Julian told the court Astacio has a “mild alcohol abuse disorder,” but declined to call it alcoholism.
“Ultimately, the diagnosis of alcoholism is a diagnosis made by health care professionals and medical people,” Julian told reporters after the hearing.
GLENDALE — A Los Angeles police sergeant is set to be arraigned Wednesday on DUI charges stemming from his April 27 arrest in Glendale, along with an LAPD commander charged with public intoxication involving the same incident.
Sgt. James Kelly, now 47, was charged last Friday with one misdemeanor count each of driving under the influence of an alcoholic beverage and driving with a 0.08 percent blood alcohol content, along with an allegation that his blood alcohol concentration was 0.20 percent or more.
LAPD Cmdr. Nicole Mehringer, 47, is charged with one misdemeanor count of public intoxication. She is also set to be arraigned Wednesday at the Glendale courthouse.
The two — who were both assigned to the LAPD’s Employee Relations Group — were arrested early April 27 by Glendale police near Lomita Avenue and Brand Boulevard. They were released from custody later that morning.
“Both have been relieved of duty without pay pending disciplinary action,” the Los Angeles Police Department said in a statement released shortly after the charges were announced.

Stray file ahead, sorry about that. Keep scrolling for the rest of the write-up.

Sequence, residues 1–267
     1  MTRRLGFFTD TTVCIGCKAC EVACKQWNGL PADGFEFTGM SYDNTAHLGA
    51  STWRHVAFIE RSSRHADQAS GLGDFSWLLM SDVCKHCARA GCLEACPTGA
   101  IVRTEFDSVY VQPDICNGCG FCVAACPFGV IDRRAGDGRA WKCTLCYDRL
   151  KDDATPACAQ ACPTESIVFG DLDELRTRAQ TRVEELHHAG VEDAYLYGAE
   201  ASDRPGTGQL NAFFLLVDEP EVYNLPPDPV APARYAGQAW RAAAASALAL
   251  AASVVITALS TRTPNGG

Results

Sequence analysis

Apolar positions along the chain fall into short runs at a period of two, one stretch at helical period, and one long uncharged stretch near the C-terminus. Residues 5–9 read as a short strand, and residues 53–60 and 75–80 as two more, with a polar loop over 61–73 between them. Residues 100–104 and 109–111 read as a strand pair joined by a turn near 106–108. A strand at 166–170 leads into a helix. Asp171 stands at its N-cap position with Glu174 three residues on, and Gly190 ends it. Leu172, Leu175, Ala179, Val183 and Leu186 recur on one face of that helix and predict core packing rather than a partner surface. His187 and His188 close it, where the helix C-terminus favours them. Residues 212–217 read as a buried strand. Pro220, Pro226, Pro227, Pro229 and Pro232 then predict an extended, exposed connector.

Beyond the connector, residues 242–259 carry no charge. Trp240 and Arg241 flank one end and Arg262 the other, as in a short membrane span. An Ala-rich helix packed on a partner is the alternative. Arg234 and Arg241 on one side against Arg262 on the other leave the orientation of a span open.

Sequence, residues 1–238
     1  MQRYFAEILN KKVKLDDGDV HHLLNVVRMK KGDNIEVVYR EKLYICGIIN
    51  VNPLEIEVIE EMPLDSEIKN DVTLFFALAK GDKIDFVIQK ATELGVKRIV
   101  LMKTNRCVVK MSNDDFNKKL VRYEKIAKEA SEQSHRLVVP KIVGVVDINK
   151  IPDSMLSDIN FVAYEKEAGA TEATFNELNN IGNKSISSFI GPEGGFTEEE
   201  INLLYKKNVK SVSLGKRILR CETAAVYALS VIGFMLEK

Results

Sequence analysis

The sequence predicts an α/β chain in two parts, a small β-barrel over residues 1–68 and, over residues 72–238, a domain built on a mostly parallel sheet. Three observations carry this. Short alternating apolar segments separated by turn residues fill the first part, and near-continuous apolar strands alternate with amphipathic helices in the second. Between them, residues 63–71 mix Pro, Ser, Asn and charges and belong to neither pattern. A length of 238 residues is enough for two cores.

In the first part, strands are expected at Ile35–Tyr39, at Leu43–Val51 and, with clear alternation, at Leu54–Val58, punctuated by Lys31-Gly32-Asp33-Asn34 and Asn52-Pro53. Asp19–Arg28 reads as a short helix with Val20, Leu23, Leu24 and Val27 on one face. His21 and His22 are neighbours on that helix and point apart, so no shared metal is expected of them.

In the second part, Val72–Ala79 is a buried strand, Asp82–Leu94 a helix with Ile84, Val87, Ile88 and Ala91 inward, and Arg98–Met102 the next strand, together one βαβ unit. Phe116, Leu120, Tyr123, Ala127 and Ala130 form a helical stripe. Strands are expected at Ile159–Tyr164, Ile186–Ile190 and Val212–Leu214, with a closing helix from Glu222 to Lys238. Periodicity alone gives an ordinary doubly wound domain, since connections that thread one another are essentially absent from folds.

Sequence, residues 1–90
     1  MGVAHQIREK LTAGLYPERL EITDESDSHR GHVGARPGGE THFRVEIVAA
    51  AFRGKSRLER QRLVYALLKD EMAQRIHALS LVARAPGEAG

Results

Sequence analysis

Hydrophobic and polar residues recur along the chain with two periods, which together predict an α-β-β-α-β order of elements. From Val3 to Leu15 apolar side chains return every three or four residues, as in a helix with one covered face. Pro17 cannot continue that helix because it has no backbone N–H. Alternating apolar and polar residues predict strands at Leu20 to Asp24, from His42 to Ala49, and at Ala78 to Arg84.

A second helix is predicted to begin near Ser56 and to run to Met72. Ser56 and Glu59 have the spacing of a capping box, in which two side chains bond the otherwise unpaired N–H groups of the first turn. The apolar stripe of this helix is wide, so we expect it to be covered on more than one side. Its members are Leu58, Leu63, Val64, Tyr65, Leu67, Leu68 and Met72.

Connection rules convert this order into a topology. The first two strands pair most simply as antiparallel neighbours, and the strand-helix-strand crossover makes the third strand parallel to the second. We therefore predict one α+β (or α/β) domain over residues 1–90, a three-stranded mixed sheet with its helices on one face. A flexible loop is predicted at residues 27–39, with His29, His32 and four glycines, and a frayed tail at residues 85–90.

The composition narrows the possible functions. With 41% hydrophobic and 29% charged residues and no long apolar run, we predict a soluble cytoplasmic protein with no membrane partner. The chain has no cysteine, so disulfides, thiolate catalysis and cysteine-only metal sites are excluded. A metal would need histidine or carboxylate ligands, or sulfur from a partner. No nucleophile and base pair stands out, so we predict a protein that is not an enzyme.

Then-LAPD Chief Charlie Beck previously released a statement in which he said he had “been briefed on the circumstances of these arrests and am extremely concerned about the allegations.” He said then that the LAPD had initiated personnel investigations that “can result in serious consequences.”
McCoy: He’s dead, Jim
During his high-profile run for Senate against Ted Cruz, Democrat Beto O’Rourke has not shied away from discussing a troubling element of his past: an arrest for drunk driving in September 1998, the day after he turned 26.
But a new story in the Houston Chronicle claims that there’s an important part of the story that the Texas Congressman hasn’t addressed. According to records acquired by the paper, O’Rourke was not only nabbed for driving under the influence; he caused what could have been a catastrophic accident, then tried to flee the scene. Neither detail had previously been made available to the public. The Chronicle reports:
“State and local police reports obtained by the Chronicle and Express-News show that O’Rourke was driving drunk at what a witness called “a high rate of speed” in a 75 mph zone on Interstate 10 about a mile from the New Mexico border. He lost control and hit a truck, sending his car careening across the center median into oncoming lanes. The witness, who stopped at the scene, later told police that O’Rourke had tried to drive away from the scene.”
The 1995 records, obtained from the Texas Department of Public Safety, are based in large part on the testimony of a witness who reported seeing O’Rourke’s vehicle speed by him at 3 a.m. on September 27, 1998. After the accident, the same witness helped prevent O’Rourke from leaving the aftermath of the accident. There were no injuries at the scene; criminal charges were dismissed.